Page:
San Francisco police train to de-escalate confrontations before using deadly force

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SFPD are now training through dozens of scenarios learning how to de-escalate tense confrontations before using deadly force.

Here's the scenario: a woman tells police there's a man armed with a knife in a tree.

"Sir, if you could just do me a favor and drop the knife ok?" a police officer asks.

The cop talks in a firm but low monotone, trying not to aggravate him. It works. The man complies.

"As opposed to barking orders, I told him I was there to help him," an officer explains.

RELATED: I-TEAM EXCLUSIVE: SFPD replacing deadly force with words

A second scenario ends differently. ABC7 News reporter Vic Lee plays the partner of an officer.

An angry man steps out of a construction trailer. He's confrontational. Suddenly, he is shot with a gun.

What has not changed is the use of force necessary to stop a threat.

But officers are now training through dozens of these scenarios, learning how to de-escalate tense confrontations before they end badly. This comes after a recent series of controversial officer involved shootings.

RELATED: Video show moments leading up to fatal police shooting in San Francisco
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An anonymous viewer has given ABC7 News video showing the fatal police shooting of a homeless man in San Francisco's Mission District.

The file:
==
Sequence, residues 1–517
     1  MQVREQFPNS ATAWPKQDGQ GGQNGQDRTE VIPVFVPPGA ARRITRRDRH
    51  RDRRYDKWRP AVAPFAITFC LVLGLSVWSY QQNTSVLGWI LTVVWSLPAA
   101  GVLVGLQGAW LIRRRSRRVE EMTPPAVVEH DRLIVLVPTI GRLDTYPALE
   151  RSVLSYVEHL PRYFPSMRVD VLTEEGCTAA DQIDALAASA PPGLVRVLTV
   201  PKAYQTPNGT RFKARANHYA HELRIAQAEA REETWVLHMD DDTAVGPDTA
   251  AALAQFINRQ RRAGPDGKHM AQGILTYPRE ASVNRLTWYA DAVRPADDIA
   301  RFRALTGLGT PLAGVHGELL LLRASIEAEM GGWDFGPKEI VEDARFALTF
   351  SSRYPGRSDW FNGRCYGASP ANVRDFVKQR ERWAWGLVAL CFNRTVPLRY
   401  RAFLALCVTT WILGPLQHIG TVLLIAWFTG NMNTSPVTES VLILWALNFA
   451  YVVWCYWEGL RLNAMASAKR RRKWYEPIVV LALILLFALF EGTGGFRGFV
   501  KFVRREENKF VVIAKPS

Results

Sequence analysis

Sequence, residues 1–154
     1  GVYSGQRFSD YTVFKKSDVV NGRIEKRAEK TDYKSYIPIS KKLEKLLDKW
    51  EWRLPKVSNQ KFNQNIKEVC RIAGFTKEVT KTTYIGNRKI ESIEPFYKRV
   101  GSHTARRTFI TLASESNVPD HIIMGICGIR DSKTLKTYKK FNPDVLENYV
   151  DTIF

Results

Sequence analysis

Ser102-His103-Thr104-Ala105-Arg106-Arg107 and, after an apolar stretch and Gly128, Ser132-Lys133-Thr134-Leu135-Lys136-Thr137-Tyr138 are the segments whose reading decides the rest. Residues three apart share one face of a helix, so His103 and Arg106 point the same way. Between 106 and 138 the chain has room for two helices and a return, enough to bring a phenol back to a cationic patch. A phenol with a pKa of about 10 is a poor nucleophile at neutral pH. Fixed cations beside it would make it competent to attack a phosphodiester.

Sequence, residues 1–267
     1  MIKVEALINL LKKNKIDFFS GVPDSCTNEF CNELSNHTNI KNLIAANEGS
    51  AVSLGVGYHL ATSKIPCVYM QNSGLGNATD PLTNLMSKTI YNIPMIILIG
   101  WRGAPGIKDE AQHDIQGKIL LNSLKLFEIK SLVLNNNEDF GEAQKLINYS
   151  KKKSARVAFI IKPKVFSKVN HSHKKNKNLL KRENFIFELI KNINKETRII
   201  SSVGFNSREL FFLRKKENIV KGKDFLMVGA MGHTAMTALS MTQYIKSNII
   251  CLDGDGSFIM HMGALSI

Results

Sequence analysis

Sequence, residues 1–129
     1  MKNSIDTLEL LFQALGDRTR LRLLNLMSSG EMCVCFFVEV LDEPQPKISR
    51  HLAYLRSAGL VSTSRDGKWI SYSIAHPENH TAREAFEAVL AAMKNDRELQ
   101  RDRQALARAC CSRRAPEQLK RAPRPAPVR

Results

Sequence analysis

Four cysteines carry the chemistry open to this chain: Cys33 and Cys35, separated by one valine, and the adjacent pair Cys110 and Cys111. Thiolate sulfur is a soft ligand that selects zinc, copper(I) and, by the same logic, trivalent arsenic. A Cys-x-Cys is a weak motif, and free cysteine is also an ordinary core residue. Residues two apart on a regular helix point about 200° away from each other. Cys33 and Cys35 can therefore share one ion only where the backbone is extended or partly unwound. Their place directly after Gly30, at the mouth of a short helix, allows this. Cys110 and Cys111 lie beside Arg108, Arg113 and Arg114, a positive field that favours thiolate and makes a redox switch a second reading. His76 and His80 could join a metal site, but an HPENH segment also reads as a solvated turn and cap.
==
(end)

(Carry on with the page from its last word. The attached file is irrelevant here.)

"Keep a distance and try to not wear out a suspect, but verbally persuade them with a greater distance of time, than perhaps outcomes could be different," said Steven Pomato, San Francisco Police Academy Training Supervisor.

At the shooting range, things are also different. For the first time, officers attend classes to talk about alternatives to lethal force. They train with bean bags and less lethal projectile launchers. Even the targets have changed.

"It may be someone with a gun and they have to stop that threat. It may turn and it may be a person with a shopping bag and they don't," explained Sgt Angelo Spagnoli with the SFPD.

It's an example of the emphasis toward de-escalation. Intentionally pointing a gun is now considered use of force.

For full coverage on the San Francisco Police Department, click here.

Related Topics:
newsSFPDinvestigationpolice shootingofficer involved shootingofficer-involved shootingpoliceshootingviolenceSan Francisco
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